- In mid-June, more than 60 people, including pretty much all the major Religious Right figures and friends like Tom DeLay, sent  a letter to Senators claiming that the hate crimes bill would criminalize preaching the Gospel and would, among other evils, "Silence the moral voice of the Church," "Punish principled dissent from the homosexual agenda," and "Be a savage and perhaps fatal blow to First Amendment freedom of expression."
- Janet Porter, a leading supporter of Mike Huckabee's presidential bid, helped boost a Flag Day (Sunday, June 14) effort  involving pastors "standing for freedom by exposing this dangerous bill that could land them in jail for the 'crime' of reading from Romans." Porter, a WorldNetDaily columnist, was also behind a letter writing campaign  to the Hill; its claims to have sent 700,000 letters sounds impressive until you read that people paid a lump sum to have 100 letters (one to each senator) generated over their name.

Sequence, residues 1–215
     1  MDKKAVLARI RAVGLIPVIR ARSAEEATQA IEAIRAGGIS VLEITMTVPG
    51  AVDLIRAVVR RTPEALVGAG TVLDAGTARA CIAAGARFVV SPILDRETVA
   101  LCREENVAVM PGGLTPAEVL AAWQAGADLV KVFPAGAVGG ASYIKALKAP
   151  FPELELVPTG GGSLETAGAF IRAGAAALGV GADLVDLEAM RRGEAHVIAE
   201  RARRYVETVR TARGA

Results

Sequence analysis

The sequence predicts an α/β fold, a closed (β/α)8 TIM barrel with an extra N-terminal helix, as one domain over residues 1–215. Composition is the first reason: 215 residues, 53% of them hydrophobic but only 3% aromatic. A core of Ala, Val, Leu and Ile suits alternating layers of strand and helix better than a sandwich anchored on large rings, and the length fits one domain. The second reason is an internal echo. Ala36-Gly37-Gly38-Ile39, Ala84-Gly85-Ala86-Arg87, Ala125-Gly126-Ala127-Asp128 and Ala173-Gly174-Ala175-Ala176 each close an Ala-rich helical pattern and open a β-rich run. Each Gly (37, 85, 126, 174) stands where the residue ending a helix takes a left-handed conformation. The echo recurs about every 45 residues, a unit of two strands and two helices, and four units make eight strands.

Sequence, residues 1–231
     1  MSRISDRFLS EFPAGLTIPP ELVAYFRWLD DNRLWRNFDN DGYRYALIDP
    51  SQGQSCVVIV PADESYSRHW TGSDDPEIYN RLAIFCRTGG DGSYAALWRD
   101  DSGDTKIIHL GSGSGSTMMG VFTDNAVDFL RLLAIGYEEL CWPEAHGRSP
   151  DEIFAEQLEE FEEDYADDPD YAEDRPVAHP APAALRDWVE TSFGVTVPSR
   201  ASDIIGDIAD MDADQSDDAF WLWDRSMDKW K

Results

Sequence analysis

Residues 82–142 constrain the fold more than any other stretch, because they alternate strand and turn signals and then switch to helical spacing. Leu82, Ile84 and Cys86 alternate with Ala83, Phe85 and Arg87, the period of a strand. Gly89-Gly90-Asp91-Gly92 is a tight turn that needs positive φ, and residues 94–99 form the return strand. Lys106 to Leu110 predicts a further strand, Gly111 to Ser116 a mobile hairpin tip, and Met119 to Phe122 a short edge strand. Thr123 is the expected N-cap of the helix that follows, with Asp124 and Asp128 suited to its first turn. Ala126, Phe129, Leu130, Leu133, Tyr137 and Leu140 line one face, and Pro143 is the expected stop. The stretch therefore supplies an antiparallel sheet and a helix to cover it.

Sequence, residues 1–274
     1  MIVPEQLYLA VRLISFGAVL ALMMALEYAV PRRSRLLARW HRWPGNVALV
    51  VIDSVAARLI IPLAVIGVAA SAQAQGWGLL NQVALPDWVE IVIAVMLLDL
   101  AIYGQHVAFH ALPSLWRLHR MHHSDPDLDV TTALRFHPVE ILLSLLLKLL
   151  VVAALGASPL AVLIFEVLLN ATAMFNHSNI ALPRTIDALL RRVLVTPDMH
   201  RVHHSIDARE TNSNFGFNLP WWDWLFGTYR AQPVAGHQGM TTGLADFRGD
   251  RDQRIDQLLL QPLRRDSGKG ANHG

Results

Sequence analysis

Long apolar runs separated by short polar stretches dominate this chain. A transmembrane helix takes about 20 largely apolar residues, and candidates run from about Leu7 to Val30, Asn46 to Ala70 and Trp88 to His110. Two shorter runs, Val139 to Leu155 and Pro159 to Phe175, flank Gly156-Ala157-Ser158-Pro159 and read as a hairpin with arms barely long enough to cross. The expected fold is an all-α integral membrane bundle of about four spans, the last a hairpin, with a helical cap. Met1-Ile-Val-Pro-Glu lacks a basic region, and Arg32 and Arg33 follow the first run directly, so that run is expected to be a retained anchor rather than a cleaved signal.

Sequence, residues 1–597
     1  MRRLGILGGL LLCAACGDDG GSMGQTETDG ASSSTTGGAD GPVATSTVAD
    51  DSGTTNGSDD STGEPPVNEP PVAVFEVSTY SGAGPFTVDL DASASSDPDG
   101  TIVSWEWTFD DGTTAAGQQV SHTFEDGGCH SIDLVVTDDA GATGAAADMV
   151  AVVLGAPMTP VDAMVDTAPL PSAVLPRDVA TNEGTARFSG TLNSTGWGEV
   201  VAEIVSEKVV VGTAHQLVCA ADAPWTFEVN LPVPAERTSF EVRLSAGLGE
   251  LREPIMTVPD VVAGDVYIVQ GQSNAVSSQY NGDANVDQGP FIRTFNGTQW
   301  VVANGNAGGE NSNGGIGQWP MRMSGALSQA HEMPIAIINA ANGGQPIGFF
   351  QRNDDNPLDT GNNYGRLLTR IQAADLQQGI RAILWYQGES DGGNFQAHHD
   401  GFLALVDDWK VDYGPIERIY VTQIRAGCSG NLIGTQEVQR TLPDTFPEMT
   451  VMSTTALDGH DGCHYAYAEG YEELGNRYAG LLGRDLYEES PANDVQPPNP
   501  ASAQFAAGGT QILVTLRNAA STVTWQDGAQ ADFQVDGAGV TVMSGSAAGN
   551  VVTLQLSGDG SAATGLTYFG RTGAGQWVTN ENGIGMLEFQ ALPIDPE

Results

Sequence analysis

- The American Family Association's Donald Wildmon sent activists an alert in late June under a headline that screamed, "The 'Hate Crimes' bill will take away our religious freedoms."
- Pat Robertson recently told  viewers of his 700 Club show that the bill would prevent pastors from preaching against homosexuality, claiming that "if anybody speaks out about homosexuality, says it's a sin, says its wrong, says it's against the Bible, that individual would be charged with a quote, hate crime."
- On the eve of the House bill's passage, GOP Representatives Louie Gohmert of Texas and Trent Franks of Arizona joined Bishop Harry Jackson and spokespeople from the Traditional Values Coalition and Concerned Women for America to claim  that preaching against homosexuality would become a hate crime. Talking points handed out by Rep. Louie Gohmert's staff claimed that "The Hate Crimes bill creates a new Federal "Thought Crime."